merce's argument in the case. "If
4 new arrests in USS
Cole investigation
ADEN, Yemen - I he men who
bombed the USS Cole got help from
Yemeni officials who fought with them
in Afghanistan in the 1980s. sources
close to the case said yesterday as the
crippled Cole began a five-week trip
home.
The destroyer was getting a pig-
gyback ride back to the United
States aboard the Norwegian ship
Blue Marlin, which was carrying
the 8,600-ton destroyer on its deck.
The ships sailed from waters off
Yemen on Sunday and will head
around Africa's Cape of Good Hope
en route to the United States, the
company in charge of the transport
said.
That route avoids the Suez Canal
-- a shorter path, but one that had
raised security concerns among U.S.
officials.
The Cole should reach Norfolk,
Va., by about Dec. 10, said Frederik
Steenbuch, manager of Oslo, Nor-
way-based Offshore Heavy Trans-

Circuit City loses, that would
a major. major development. 1
question is how they will win, a
what type of rules the Suprei
Court will set down."
Critics say workers forfeit c
Lain rights when they go befc
a private arbitrator rather th
Judge.
Indictments made i
Va. gay bar shootin
ROANOKE, Va. - A man accu
of opening fire at a gay bar becai
he was upset that his last name ma
him a target for anti-homosexual jo
was indicted yesterday on first-degi
murder and firearms charges.
Ronald Gay is charged with ki
Danny Lee Overstreet and woundi
six others at the Backstreet Cafe
Sept. 22.
Gay told police he was upset tI
his three sons had changed their I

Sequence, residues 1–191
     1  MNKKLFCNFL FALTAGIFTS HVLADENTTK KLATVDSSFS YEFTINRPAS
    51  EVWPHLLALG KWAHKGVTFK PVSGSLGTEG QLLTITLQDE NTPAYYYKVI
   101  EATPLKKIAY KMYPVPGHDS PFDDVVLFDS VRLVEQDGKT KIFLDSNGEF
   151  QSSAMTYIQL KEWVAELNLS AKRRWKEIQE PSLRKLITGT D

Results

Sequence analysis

names, and family members have sa
lie was also upset because his ex-w
had once experimented with lesbia
ism.
port.
The blast that crippled the Cole a
killed 17 American sailors came as t11
ship was refueling in Aden harbor
Oct. 12. Suicide bombers apparent
sidled a small. explosives-lined
up to the Cole and detonated it
ping a 40-foot-by-40-foot hole in tl
steel hull.
Storms continue to
hit Western Europe
LONDON - A ston systc
raging across Western Europe conti
Lied to wreak havoc in the air and s
yesterday, bringing down an It-
military helicopter and sinking an
ian cargo ship loaded with chemical.
Storm-related deaths rose to at lea
15, with six confirmed dead in tl
helicopter crash and one
Danish rescue worker drowned whi
trying to help the crew of a Gernm
cargo ship caught in a North St
stone.
Eight people - four in France, ditee
Britain and one in Ireland - were kille
- Froni Dai/) wire repor

1 -
FDA warns against using diet drug
WASHINGTON -- The Food and Drug Administration warned Americ
yesterday not to use dozens of over-the-counter cold remedies or appetite s
pressants until their makers replace an ingredient that could cause hemorrha
strokes, especially in young women.
The ingredient, called phenylpropanolamine or PPA, is found in pro
ranging from Dexatrim to Triaminic.
The FDA said it is taking steps to formally ban PPA, but in the meantime wr
manufacturers asking them voluntarily to immediately quit selling products ci
taining the ingredient.
The risk of a hemorrhagic stroke, or bleeding in the brain, is very small
an individual user. With millions of Americans swallowing PPA every day,
FDA determined the ingredient could be to blame for 200 to 500 strokes j
in people under age 50 - those who typically are too young to be at risk
strokes.
"We suggest you stop taking the drug immediately and use an alternativ
says an FDA warning issued for consumers yesterday.
Consumers should check the ingredient list of all nonprescription cold rt-
ers for PPA and avoid those products, the FDA said. Instead, they could use
pills containing the ingredient pseudoephedrine, or use nasal sprays.

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EDITORIAL Spahn Editor in Chie